Vaagen: I think some do but only during fire season. It amazes me how quickly people forget about the dangers of wildfire. It isn’t hard to show someone the high fuel loads on the Colville National Forest. Given that we mechanically thin less than 1 percent of the total acreage annually, the fuel buildup is easily seen along our forest roads. If we don’t soon pick up the restoration pace, nature will do the cleanup work for us. I don’t think the public will care much for result. Hundreds of thousands of acres of prime recreation land could be lost for a century or more.

Evergreen: Economically speaking, Vaagen Brothers is easily the largest private employer in NE Washington. How does that feel to you?

Vaagen: There are a number of large employers in our area really. We are fortunate to live in an area that has so much to offer both economically and socially. We are very proud to provide jobs for our community and employ one of the best crews in the industry. Our area has one of the healthiest infrastructures in our industry which allows us to treat the forest appropriately. I think the Colville National Forest should be rewarded for this but in many instances they are not.

Evergreen: We know you’ve also worked in northern Arizona trying to find small diameter logs for the portable Hew Saw your Dad took down there a few years ago. Tell us about that experience. How does it compare with what’s happening on federal lands in NE Washington?

Vaagen: We were given the task of making viable products out of small diameter ponderosa pine in Northern Arizona. It took some time to work the bugs out of the mill, but with the upgrades we made, and a great crew, we got there. But then the Forest Service stopped putting up projects close enough to the sawmill to make it work, all the while continuing to pour time, money and manpower into the pilot 4FRI project, which still hasn’t made much of an impact in northern Arizona’s overstocked forests. By contrast, NE Washington has the infrastructure needed to do – at scale – what the Forest Service is trying to do with 4FRI.

Evergreen: 4FRI – the Four Forests Restoration Initiative – boasts a 2.4 million acre analysis and implementation plan for northern Arizona. It is – as you suggest – very strange that the Forest Service is proceeding on such a large scale with so little wood processing infrastructure remaining in Arizona. You’d think that they’d be investing taxpayer dollars in areas where there is sufficient milling infrastructure to sustain large projects over long periods of time. NE, Washington, Idaho or western Montana come immediately to mind.

Vaagen: I think the Forest Service struggles with the reality that it is charged with managing nearly 200 million acres of forestland. The enormity of it all seems to cloud their ability to reconcile acres needing treatment with proximity to milling infrastructure and sustainable markets. They are so focused on new and experimental ways of convert wood fiber to products that they have lost sight of the fundamentals that go with breaking down logs into secondary and tertiary products.

The emphasis on biomass and biofuels seems to take all the attention but costs so much money that it makes these projects loose more money than they make in stumpage. I can see why the Forest Service wants to incentivize biomass solutions but to put up projects that are strictly biomass in areas such as Arizona gives me the impression that they don’t understand the economic makeup of the projects they put together. The key to bringing infrastructure back to the west is to fill up existing infrastructure so they can invest in new technologies.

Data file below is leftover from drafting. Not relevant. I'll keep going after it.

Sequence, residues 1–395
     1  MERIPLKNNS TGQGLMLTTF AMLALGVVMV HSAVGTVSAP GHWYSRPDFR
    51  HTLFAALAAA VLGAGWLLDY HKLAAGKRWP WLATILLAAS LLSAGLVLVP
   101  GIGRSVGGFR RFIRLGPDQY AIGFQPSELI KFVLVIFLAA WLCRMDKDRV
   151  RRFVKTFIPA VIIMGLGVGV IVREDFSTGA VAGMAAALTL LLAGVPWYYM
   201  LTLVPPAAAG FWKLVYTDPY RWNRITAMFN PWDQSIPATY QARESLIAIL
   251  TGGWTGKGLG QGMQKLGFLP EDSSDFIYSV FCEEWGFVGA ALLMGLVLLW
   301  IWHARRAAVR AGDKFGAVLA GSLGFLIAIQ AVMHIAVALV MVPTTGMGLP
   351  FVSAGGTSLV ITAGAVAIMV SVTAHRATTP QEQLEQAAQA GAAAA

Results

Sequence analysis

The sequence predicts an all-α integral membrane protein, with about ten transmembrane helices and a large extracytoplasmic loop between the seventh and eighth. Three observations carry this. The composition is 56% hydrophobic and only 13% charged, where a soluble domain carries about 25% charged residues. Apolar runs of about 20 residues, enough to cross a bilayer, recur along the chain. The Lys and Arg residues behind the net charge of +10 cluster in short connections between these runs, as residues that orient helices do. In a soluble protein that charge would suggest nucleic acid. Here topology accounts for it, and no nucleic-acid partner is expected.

Evergreen: We unfortunately hear this criticism more and more – sometimes from people who actually work for the Forest Service!

Vaagen: Forest Service leadership needs to speak more forcefully on the subject of keeping existing wood processing infrastructure in place, because once it’s gone, it’s probably gone for good. The big investments in infrastructure will appropriately be made by the private sector, but only if the capital costs can be recovered in a reasonable time. My dad thinks it takes 20 years to amortize the $50 million plus it costs to build a new, state of the art sawmill. What this means is that the Forest Service needs to be designing projects that have a 20-year life cycle.

Evergreen: And then there is the matter of institutional knowledge, which is tough to retain once the infrastructure is gone.

Vaagen: That’s true. How do you put a price on what our father knows how to do when it comes to owning and operating a saw mill? And we don’t need to limit this to our dad. Look at any well run wood products manufacturer in the West. How do you value the accumulated knowledge? More to the point, why isn’t the Forest Service placing a higher value on institutional knowledge when it selects contractors for its big projects. The 4FRI mess proves the case in point

Evergreen: You and your brother will be running this company in a few years. Tell us what you see in terms of growth potential – and how will you get there?

Vaagen: My brother and I are fairly experienced for our age. Russ brings an interesting perspective to the table that few can. We have been brought up raising the bar and we have all intentions of doing so in the future. We understand the forest needs treatment on a larger scale and our father has positioned our company to be ready for the wave of small wood that our national forests have been growing for the last 100 years. My brother and I are very optimistic about the future but I think our dad will have his hands on our shoulders for years to come. We are very fortunate to have such a visionary within the industry as a mentor. We will get there using the best technology, coupled with a great team to grow our business as the forest and the markets evolve around us.